Rosine’s Rotisserie and Grill

Posted June 11, 2008 in Eats

It’s 7PM Saturday night, a time in which the post matinee and pre-twilight movie buffs should be hitting Rosine’s Rotisserie and Grill (located right next door), making seating difficult or near difficult at best. But when I walk in with reservation in hand, I notice booths, tables, and patio seating aplenty. That’s because the non-adventurous types are paying $10 to mess with the Zohan and have defected to one of the neighboring fast food joints, their bravery yet to be piqued by something quasi-exotic. 

Not that I blame them. After all, Mediterranean (more accurately, Middle Eastern in this case) cuisine is an acquired taste, a food designed for sophisticated, well-traveled palates or foreign tongues bred on the amalgamation of unfamiliar herbs and spices. Though a bit pricey, Rosine’s makes the Middle East accessible to neophytes—so mild its flavors and textures, so helpful its staff in ferreting out answers to perplexed looks—that comfort prevails and one feels right at home regardless if the sight and smells seem at first foreign. 


Once seated at a table for two set closely to the well-appointed bar and impressive wine cellar, multinational cast interspersed throughout the burgundy and honey dining room, I start with the Mezzeh ($14). This veggie combo comprised of hummus, tabbouleh, baba ghannouj, muhammara, sarma and served with a warm basket of pita is a great way to sample tidbits off the appetizer menu. The sensuous muhammara, a crunchy walnut pâté, alternates sweet, spicy, fruity, and savory layers, seducing and caressing the taste buds long after it’s disappeared. The lemony tabbouleh, a diced parsley salad with Roma tomatoes and bulgur, provides a refreshing contrast to the other components, scoring huge brownie points with my vegetable-challenged dining companion. The sarma (grape leaves rolled in herbed rice) has a pleasing acidity, though my dining partner finds it slightly overwhelming.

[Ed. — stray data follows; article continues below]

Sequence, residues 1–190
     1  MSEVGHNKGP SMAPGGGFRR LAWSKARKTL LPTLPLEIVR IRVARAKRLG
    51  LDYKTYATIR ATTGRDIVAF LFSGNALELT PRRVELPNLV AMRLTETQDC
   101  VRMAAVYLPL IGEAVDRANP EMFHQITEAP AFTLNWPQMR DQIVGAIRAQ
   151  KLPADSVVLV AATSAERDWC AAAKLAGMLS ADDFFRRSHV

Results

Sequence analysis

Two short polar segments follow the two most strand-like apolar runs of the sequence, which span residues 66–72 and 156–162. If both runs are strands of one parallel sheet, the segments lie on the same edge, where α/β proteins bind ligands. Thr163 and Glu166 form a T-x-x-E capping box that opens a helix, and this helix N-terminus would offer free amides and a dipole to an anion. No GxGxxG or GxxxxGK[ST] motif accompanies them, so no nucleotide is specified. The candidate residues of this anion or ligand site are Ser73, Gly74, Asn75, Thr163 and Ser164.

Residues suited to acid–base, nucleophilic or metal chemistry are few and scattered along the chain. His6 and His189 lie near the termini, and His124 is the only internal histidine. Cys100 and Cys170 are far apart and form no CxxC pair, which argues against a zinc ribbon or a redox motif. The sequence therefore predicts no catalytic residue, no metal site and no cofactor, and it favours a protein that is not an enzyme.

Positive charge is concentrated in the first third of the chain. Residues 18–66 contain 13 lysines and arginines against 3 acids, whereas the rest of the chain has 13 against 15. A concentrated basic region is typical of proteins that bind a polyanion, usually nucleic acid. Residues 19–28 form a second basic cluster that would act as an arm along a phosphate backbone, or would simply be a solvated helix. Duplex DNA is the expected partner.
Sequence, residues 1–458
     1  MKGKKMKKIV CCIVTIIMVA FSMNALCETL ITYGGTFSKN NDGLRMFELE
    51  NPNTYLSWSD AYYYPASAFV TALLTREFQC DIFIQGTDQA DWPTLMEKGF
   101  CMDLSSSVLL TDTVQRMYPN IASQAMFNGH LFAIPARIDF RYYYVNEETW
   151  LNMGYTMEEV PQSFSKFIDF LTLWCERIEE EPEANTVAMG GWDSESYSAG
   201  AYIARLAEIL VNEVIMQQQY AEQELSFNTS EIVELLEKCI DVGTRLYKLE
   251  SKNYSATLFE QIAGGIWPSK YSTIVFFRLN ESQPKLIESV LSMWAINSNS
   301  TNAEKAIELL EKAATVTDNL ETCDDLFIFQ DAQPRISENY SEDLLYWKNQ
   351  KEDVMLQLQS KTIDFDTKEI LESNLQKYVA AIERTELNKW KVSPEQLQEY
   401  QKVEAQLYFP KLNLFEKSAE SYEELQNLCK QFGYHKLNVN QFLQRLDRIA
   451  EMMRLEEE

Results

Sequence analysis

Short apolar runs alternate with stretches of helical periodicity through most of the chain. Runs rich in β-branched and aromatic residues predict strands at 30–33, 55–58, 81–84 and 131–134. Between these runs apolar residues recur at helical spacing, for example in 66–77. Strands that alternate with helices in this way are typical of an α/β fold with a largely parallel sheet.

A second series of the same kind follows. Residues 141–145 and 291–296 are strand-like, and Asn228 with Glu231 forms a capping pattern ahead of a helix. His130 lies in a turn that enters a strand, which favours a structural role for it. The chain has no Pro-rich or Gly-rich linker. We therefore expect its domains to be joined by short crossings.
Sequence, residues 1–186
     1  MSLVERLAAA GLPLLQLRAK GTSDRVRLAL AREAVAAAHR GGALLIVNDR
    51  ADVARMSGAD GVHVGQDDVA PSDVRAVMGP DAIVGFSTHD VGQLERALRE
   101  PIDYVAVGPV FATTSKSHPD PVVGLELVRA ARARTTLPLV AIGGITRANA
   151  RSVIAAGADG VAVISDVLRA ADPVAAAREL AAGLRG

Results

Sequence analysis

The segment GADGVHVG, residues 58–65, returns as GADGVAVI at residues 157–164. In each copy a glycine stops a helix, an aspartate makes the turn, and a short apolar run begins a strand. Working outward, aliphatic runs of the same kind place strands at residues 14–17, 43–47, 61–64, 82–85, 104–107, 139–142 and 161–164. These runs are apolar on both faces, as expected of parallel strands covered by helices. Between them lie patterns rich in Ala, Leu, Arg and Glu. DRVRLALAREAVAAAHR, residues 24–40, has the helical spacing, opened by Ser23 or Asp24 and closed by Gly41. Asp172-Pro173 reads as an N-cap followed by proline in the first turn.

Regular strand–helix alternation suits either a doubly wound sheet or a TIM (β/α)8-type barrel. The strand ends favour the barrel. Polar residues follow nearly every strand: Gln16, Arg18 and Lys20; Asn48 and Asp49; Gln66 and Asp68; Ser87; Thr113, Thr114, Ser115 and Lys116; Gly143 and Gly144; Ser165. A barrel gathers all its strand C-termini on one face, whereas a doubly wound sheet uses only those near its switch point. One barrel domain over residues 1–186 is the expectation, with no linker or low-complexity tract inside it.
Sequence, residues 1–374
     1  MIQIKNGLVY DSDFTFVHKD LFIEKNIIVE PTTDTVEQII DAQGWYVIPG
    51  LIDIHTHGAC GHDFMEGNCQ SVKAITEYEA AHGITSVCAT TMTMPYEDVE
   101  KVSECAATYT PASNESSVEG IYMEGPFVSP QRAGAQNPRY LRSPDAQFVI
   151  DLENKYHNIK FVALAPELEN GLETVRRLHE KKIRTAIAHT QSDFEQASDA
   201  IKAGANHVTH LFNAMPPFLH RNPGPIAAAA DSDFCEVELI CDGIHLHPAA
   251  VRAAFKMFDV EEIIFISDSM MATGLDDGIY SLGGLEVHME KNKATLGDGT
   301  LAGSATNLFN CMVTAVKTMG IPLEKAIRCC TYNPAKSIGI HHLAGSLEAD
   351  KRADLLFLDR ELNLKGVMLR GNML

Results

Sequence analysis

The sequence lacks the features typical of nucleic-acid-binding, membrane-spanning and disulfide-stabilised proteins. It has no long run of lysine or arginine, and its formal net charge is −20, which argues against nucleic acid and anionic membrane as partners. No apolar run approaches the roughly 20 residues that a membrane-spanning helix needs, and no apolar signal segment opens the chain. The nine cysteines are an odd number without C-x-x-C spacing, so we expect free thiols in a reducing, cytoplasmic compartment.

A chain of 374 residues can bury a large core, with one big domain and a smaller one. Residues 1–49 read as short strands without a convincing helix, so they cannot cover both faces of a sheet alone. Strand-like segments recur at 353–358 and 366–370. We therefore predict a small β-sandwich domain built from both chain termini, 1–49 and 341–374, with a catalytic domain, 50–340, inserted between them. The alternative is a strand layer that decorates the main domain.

For entrées, we skip the popular rotisserie chicken with super secret garlic sauce and again go the route of sampling a little of everything with the Ultimate Kebab ($32), a platter for two that features the best of Rosine’s grill menu—chunks of lamb, tenderloin (filet mignon), chicken, and minced lamb and beef luleh kebabs accompanied by a generous heap of garlic mashed potatoes, two skewers of grilled veggies, and rice pilaf. The battle of kebabs really comes down to two—the juicy luleh and succulent filet mignon skewers, grilled to perfection with a slight tinge of pink in the middle. The slightly drier lamb kebab is edible, albeit a bit tough, while the chicken was a bit bland if not for its herbaceous yogurt dressing.  


More hummus and a lemon and cayenne-infused mayonnaise accompany our main entrée. Our waitress lets on that the staff often mixes the mayonnaise in with the rice pilaf as their lunch entrée, so I give the mayonnaise a go and find the rice enhanced by a tangy punch. Interestingly enough, the mayonnaise also marries well with the chicken.


We dust off dinner with homemade baklavas ($6). The traditional baklava, layered by walnuts and cinnamon, is undeniably rich, in stark contrast to Rosine’s baklava, a light and airy phyllo pastry stuffed with a hardened custard that’s not as gratifying to the sweet tooth as its counterpart, but equally tasty.


It’s safe to say that Rosine’s makes the exotic seem less intimidating and more appealing to newcomers. I’ve had Mediterranean food that’s more heavily spiced, but none of this takes away from the cuisine here, as the flavors of the Middle East and Mediterranean entice and shine through just as boldly, Rosine’s way.  


Rosine’s Rotisserie & Grill, 2670 Tuscany Rd., Corona; (951) 372-9484. Dinner For Two, $64. Open Daily: Mon.–Thurs., 11AM–9PM; Fri., 11AM–10PM; Sat., Noon–10PM; Sun., Noon–9PM. AE, D, MC, V


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